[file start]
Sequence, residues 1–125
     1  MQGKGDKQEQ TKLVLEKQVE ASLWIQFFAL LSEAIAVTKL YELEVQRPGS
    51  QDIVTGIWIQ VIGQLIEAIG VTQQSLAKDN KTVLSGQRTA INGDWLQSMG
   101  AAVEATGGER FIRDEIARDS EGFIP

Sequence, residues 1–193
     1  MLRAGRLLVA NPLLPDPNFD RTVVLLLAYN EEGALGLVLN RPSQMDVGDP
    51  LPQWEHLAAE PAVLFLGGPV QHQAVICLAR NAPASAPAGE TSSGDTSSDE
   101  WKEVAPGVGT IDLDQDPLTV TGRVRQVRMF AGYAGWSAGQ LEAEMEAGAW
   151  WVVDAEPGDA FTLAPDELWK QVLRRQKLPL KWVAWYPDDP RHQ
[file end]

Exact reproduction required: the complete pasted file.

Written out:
Sequence, residues 1–125
     1  MQGKGDKQEQ TKLVLEKQVE ASLWIQFFAL LSEAIAVTKL YELEVQRPGS
    51  QDIVTGIWIQ VIGQLIEAIG VTQQSLAKDN KTVLSGQRTA INGDWLQSMG
   101  AAVEATGGER FIRDEIARDS EGFIP

Sequence, residues 1–193
     1  MLRAGRLLVA NPLLPDPNFD RTVVLLLAYN EEGALGLVLN RPSQMDVGDP
    51  LPQWEHLAAE PAVLFLGGPV QHQAVICLAR NAPASAPAGE TSSGDTSSDE
   101  WKEVAPGVGT IDLDQDPLTV TGRVRQVRMF AGYAGWSAGQ LEAEMEAGAW
   151  WVVDAEPGDA FTLAPDELWK QVLRRQKLPL KWVAWYPDDP RHQ